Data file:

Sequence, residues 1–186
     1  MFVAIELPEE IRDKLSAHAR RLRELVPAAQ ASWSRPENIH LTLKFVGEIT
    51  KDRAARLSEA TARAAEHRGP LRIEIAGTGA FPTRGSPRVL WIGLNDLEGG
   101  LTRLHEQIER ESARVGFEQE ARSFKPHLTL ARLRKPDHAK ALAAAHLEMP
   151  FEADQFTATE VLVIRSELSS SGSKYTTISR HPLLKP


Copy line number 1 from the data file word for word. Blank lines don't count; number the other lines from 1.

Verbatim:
Sequence, residues 1–186